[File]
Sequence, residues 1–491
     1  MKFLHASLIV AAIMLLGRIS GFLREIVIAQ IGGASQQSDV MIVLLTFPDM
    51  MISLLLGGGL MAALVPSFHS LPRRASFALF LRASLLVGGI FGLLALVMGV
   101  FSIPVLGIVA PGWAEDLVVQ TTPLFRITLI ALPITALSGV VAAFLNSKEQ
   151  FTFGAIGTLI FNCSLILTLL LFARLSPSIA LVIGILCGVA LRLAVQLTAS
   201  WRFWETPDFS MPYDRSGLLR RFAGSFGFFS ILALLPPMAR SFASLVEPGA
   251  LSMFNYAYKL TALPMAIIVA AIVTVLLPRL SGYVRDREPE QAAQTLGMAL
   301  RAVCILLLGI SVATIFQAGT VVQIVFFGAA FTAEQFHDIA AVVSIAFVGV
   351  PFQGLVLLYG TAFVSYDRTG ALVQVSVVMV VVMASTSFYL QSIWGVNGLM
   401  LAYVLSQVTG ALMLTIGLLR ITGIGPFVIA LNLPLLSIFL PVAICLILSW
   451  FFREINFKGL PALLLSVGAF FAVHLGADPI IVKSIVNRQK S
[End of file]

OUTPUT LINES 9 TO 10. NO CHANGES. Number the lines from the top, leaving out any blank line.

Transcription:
   351  PFQGLVLLYG TAFVSYDRTG ALVQVSVVMV VVMASTSFYL QSIWGVNGLM
   401  LAYVLSQVTG ALMLTIGLLR ITGIGPFVIA LNLPLLSIFL PVAICLILSW